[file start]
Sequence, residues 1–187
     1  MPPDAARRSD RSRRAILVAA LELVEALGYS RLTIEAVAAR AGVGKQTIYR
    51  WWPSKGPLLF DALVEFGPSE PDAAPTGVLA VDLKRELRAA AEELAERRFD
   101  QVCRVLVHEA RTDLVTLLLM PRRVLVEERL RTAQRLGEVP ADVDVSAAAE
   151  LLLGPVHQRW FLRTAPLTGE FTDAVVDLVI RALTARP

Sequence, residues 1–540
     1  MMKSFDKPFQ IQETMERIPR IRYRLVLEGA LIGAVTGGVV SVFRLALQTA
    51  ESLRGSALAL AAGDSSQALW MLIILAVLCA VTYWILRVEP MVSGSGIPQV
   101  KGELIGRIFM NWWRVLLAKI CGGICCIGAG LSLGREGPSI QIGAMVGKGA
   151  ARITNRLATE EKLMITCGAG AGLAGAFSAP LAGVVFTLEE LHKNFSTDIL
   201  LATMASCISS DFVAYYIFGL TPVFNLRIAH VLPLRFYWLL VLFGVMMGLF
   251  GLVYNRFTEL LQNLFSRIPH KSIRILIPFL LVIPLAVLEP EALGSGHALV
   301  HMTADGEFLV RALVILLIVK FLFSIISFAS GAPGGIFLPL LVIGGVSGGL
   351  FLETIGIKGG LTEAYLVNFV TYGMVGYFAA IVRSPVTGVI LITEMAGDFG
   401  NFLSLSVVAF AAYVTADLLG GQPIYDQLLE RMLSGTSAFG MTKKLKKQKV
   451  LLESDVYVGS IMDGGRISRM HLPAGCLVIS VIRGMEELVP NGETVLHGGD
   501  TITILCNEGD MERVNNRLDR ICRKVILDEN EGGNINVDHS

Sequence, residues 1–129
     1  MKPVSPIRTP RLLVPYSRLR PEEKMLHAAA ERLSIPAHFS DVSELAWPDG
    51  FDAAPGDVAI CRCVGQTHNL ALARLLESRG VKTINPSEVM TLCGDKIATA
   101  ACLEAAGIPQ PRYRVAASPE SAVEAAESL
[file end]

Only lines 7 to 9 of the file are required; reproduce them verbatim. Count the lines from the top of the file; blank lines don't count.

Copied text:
     1  MMKSFDKPFQ IQETMERIPR IRYRLVLEGA LIGAVTGGVV SVFRLALQTA
    51  ESLRGSALAL AAGDSSQALW MLIILAVLCA VTYWILRVEP MVSGSGIPQV
   101  KGELIGRIFM NWWRVLLAKI CGGICCIGAG LSLGREGPSI QIGAMVGKGA